Perez puts the spotlight on her experience of recent widowhood, by offering personal recommendations to combat the trauma of loss.
The funeral is over. Your family and friends have gone, returning to their day-to-day routines. Things seem like they are regaining a sense of normalcy. Then, without warning, you’re laid off from your job, effectively going from a two-income household, to a zero-income household in just a few short weeks. This unthinkable scenario is exactly what happened to me. It’s now been six months since my husband passed away, and five months since I was laid off of my job.
Amidst the pain of losing a spouse, it’s imperative to find a way to carry on even though your world has turned upside down. Below are some practical suggestions to get you through the initial trauma of loss, while at the same time putting yourself in the best position to take care of YOU. As I lost my husband and 6 weeks later I lost my position- went from a 2 income family to a one income family to no income at all in 6 weeks – the amount of loss was terrifying for me and still is 6 months into this journey – I did wake up countless nights in fear and panic , crying out loud – and these steps helped me through and remembering to take it one day at a time.
1. Review loans, bills and financial obligations
The first task is to confer with your trusted advisors and focus on the most immediate financial tasks. Avoid making any major life-altering decisions when you are in a state of emotional flux. It may be tempting to shake up your life in the wake of such a major loss by selling your house or condo and moving across the country to live near friends or family, but this is not the time to act impulsively. This is the time to take care of yourself – more than ever. Note: If you are without employment, fast forward to number 13. That gets moved up in the order of priorities for you.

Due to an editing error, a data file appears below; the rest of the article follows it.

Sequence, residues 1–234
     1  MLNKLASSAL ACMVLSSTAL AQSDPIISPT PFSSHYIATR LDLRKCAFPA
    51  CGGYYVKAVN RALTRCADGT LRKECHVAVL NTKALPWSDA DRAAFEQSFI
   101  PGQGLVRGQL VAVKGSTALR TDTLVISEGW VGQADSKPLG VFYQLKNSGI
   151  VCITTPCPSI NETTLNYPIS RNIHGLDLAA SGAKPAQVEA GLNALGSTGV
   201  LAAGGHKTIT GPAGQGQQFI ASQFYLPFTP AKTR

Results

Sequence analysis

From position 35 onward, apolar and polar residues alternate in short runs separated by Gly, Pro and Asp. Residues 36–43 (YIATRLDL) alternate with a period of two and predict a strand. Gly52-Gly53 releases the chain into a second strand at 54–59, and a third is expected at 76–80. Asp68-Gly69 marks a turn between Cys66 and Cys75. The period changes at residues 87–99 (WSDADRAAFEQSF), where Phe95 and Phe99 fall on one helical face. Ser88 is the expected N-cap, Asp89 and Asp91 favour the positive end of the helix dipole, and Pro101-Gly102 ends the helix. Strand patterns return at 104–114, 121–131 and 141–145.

2. Cry often and hard
Try not to hold on to the grief. Instead, concentrate on letting go and staying in the present. Take deep breaths in and exhale the pain. Stay well hydrated by drinking plenty of water. Avoid overdoing it with alcohol. It may feel like it’s helping in the moment, but it can actually worsen feelings of depression.
3. Find a local support group
Find a group, or find multiple groups, to help you express and process your grief. Although you may feel alone in all this, there are many others having the exact same experiences who will share invaluable resources with you.
4. Medications and supplements
Your physician may recommend anti-anxiety medications or supplements if anxiety is an issue for you. I have to say this is a completely personal choice. I felt more comfortable taking organic supplements than pharmaceutical drugs. The one that worked best for me was Rescue Remedy.
It took the edge off my anxiety and allowed me to sleep. My dear friend and neighbor introduced me to it, and it really helped.
Also try the Calm app: www.calm.com
5. Buy a weighted blanket
Studies show that these specially engineered blankets promote relaxation for a more calming sleep. Some say the weights hit the body’s pressure points in a way that replicate the feelings of being hugged. I bought one and used it for months, and highly recommend it. It’s difficult to explain, but it made me feel close to my husband, as if he was on top of me hugging me.